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Rosenblatt Solicitors says it believes it has found "the silver bullet" that could pave the way for a multibillion-pound class action against the Government in relation to sailors used as human guinea pigs in nuclear tests in the 1950s.
The firm said that research shows a link between genetic defects and nuclear tests carried out on behalf of the UK Government at Christmas Island in the South Pacific between 1952 and 1962.
Professor Al Rowland of Massey University in New Zealand, who conducted the research, concluded that alterations found in Kiwi veterans' chromosomes could be attributed to their participation in the tests, which were codenamed Operation Grapple.
Clive Hyer, a senior supervising partner at Rosenblatt, said the study strengthened the claim against the Ministry of Defence (MoD) by veterans who developed illnesses, including cancer, after the tests exposed them to significant doses of radioactive material.
Hyer said: "We already have strong evidence of the breach, with letters from the 1950s effectively saying that the men were being used as human guinea pigs, as the conscripts were exposed to radiation both with and without protection.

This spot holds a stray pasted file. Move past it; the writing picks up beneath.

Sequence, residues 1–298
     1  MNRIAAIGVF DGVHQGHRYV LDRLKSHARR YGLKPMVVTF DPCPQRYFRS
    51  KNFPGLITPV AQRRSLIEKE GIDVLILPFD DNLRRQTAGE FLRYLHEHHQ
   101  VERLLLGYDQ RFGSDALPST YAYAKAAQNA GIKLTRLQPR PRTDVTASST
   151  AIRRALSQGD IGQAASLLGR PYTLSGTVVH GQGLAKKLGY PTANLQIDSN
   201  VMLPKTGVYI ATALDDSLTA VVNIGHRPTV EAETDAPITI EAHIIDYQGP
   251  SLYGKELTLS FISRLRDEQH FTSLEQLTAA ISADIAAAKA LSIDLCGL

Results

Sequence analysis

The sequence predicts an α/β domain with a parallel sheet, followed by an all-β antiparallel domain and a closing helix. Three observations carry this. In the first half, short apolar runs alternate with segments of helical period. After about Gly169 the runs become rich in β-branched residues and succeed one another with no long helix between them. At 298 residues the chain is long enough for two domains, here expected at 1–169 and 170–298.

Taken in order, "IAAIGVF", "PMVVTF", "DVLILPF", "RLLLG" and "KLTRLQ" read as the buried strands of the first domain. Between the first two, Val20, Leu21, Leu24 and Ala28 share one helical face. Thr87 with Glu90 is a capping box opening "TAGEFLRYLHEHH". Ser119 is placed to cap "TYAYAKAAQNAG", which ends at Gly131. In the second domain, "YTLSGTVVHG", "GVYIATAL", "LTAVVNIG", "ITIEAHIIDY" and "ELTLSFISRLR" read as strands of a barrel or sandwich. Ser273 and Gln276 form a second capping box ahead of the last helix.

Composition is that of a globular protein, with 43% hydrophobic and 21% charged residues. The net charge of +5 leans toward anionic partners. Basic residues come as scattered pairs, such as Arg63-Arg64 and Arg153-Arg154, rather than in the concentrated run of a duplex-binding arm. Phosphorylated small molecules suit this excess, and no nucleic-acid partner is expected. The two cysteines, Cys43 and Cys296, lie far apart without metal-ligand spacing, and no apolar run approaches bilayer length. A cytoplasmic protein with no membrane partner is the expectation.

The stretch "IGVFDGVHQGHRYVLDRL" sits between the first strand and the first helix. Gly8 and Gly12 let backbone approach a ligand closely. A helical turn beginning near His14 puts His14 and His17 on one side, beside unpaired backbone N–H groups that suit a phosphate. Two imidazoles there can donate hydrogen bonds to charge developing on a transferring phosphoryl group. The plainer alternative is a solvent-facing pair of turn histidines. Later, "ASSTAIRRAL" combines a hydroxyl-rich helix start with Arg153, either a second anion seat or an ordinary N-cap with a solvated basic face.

"This research is the penultimate piece of the evidential jigsaw puzzle that we needed. All we need to do now is prove that the chromosome defect caused the cancer, which should be fairly straightforward." Rosenblatt has already issued proceedings on behalf of more than 700 UK, New Zealand and Fijian veterans.
Lawyers in both Australia and New Zealand are also forming groups of claimants who, if as expected on 5 July the court orders a group litigation, will be able to join the action.
The MoD and the Treasury Solicitor's Department have until June 2008 to serve their defence, which is expected to be a limitation defence.